A whodunit that reels the reader in page by page.
By now, it is common knowledge that Robert Galbraith is really the nom de plume of J.K. Rowling. But even if that fact hadn’t been bandied about, it would’ve hardly taken away from the brilliance of The Cuckoo’s Calling.
The book begins with the description of a crime scene where a supermodel has fallen to her death. An almost-unanimous verdict of suicide is reached and the case receives steadily dwindling attention for a few months until her brother, who believes his sister has been murdered, brings it to the attention of our down-on-his-luck anti-hero, Cormoran Strike.
Strike, who initially wants only to placate him and undo some of his own financial ruin, is drawn slowly into the tangled and seemingly disconnected series of events that led up to her apparent suicide. We are drawn into the story along with him.
The book is not a racy thriller; rather it reels you in page by page. Rowling is a master at setting the scene, making you see what she wants you to see, and scattering vague clues here and there.
Strike and Robin, who starts out as his temporary P.A. and ends up his sidekick, are appealing characters. Rowling has done a good job with Strike especially, by not giving him a larger-than-life persona who solves the case in a blaze of glory, and gets the pretty girl in the end. He remains on the sidelines, mostly as a dispassionate observer, concerned about the state of his own life, his prosthetic foot, his dwindling finances, and his ex-fiancée.
Robin, on the other hand, seems pretty well settled in life initially — a loving fiancé, job opportunities on the horizon, and a shiny, if slightly naïve, enthusiasm for the P.I. business. Although, one can’t help but wish that she would ditch her stick-in-the-mud man and make a go of it with Strike. But the fact that Rowling did not so much as venture into that territory makes the story more appealing.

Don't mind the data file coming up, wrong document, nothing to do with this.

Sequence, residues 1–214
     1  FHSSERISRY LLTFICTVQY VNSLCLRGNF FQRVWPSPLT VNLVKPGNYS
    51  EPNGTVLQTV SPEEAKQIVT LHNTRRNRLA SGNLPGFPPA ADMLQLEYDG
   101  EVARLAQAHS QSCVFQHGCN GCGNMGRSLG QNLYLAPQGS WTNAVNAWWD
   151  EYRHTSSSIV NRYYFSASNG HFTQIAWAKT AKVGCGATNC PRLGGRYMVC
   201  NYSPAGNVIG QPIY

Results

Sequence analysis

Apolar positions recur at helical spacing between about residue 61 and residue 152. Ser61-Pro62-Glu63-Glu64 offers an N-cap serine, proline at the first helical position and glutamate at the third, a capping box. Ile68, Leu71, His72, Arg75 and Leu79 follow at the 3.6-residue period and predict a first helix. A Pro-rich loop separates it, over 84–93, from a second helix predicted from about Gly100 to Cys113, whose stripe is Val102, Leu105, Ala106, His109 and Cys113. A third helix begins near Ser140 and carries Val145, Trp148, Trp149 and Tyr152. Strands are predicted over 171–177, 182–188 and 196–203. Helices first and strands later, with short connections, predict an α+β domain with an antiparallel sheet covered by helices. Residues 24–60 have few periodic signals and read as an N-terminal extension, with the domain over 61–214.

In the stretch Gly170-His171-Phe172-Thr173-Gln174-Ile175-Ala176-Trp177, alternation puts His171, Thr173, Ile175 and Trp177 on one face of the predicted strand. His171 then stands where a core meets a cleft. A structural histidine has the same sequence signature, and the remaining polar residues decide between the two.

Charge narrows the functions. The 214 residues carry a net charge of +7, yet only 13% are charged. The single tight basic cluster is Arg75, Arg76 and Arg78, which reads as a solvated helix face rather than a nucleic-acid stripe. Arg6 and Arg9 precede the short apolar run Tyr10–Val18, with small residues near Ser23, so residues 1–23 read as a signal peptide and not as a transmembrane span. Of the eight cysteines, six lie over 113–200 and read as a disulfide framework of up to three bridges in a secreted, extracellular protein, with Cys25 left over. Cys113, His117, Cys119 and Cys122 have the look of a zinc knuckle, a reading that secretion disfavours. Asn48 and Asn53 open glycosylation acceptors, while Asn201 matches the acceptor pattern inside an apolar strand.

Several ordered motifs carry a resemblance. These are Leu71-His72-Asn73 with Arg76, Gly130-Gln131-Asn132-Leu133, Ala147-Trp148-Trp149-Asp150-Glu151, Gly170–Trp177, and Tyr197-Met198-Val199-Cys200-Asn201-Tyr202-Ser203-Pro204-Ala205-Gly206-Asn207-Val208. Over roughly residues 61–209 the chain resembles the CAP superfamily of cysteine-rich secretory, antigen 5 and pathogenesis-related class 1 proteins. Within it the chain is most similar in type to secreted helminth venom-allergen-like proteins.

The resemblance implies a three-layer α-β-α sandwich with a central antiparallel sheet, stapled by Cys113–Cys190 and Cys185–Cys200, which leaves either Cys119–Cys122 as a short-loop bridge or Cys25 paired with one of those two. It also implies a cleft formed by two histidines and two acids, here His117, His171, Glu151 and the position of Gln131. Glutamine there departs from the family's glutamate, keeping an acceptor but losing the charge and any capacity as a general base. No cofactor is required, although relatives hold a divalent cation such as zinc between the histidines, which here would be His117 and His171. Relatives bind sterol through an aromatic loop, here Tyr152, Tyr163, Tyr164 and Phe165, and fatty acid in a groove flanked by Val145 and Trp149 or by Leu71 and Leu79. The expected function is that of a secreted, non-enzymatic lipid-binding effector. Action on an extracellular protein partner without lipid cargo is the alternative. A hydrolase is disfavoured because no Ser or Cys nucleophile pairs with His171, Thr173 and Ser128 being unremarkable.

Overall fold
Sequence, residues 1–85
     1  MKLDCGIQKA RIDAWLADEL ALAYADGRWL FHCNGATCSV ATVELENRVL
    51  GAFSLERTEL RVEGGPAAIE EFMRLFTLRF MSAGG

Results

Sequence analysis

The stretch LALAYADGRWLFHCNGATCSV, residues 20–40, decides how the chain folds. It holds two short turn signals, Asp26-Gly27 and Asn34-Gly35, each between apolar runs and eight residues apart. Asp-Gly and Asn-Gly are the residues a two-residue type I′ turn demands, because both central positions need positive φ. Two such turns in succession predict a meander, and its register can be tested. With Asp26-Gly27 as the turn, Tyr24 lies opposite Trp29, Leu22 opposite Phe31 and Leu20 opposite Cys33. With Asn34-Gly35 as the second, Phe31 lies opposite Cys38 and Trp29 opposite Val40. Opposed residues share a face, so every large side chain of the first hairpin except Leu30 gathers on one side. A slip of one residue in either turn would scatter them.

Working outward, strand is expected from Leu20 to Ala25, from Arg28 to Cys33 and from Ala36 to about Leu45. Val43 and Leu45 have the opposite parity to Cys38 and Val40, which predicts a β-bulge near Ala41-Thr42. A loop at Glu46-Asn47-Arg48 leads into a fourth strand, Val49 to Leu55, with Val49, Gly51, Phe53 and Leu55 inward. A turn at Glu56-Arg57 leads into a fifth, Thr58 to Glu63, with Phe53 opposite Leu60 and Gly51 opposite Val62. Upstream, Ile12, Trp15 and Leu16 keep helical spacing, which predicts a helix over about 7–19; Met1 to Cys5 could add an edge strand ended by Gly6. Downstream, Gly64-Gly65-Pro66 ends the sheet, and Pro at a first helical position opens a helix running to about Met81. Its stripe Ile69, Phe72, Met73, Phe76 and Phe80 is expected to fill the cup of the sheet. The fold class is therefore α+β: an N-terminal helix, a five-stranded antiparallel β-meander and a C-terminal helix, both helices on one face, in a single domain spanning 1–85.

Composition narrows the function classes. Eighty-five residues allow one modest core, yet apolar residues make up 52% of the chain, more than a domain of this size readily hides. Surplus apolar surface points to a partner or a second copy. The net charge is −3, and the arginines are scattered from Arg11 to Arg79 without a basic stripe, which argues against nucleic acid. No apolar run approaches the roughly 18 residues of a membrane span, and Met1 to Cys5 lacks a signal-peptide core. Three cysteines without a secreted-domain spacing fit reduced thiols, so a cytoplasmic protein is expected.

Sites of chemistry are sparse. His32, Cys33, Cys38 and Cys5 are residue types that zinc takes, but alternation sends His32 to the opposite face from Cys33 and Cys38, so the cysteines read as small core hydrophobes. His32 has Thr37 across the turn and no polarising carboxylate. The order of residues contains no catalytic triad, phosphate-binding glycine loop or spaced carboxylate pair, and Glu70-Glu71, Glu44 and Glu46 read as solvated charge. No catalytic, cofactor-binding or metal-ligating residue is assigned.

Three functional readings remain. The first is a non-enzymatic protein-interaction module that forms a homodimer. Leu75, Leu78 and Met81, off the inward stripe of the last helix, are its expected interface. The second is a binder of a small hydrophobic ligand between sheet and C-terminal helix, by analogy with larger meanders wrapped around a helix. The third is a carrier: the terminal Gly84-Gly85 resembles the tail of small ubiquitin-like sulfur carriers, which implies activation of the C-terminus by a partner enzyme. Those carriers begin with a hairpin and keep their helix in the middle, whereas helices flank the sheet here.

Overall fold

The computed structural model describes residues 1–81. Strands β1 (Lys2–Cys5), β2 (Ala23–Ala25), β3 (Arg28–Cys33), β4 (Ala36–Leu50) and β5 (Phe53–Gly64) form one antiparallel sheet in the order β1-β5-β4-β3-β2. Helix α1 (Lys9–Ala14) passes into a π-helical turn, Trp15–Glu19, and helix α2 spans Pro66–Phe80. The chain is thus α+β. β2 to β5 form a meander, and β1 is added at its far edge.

Rowling captures the essence of working class London, blending it with celebrity culture and upper class snobbery, and creating a heady cocktail of ever-so-slightly morbid intrigue. There are even references to the infamous phone hacking for the smallest crumb of scandal.
Most of the time it is difficult to see Rowling in this work. The language is undeniably adult — with liberal and explicit usage of invectives — as is the stage; and yet there is a sense of déjà vu — sometimes in the rough accent used by a character, sometimes in the picturesque detailing of a scene, sometimes in the unusual surnames of the characters, but most often in the profound meaning apparent in the most innocuous of sentences.
Rowling has created an intriguing and fascinating detective, with a loyal and slightly enamoured sidekick but the stolid sleuth’s derisive attitude towards the histrionics of the privileged; the minor showing off every now and then to his assistant and the final dénouement are reminiscent of Christie. And yet, Rowling retains her individuality and stamps her characters with their own identities. If ever someone deserved to succeed the Queen of Crime to her throne, well, the heir apparent is finally here.